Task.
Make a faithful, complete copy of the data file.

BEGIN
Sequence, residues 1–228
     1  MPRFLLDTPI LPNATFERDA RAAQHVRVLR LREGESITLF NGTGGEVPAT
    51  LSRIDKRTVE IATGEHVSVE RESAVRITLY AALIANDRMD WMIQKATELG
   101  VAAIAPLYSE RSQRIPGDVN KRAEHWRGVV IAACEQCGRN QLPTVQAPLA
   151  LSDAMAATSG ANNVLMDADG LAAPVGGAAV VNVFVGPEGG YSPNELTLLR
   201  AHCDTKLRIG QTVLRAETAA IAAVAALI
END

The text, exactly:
Sequence, residues 1–228
     1  MPRFLLDTPI LPNATFERDA RAAQHVRVLR LREGESITLF NGTGGEVPAT
    51  LSRIDKRTVE IATGEHVSVE RESAVRITLY AALIANDRMD WMIQKATELG
   101  VAAIAPLYSE RSQRIPGDVN KRAEHWRGVV IAACEQCGRN QLPTVQAPLA
   151  LSDAMAATSG ANNVLMDADG LAAPVGGAAV VNVFVGPEGG YSPNELTLLR
   201  AHCDTKLRIG QTVLRAETAA IAAVAALI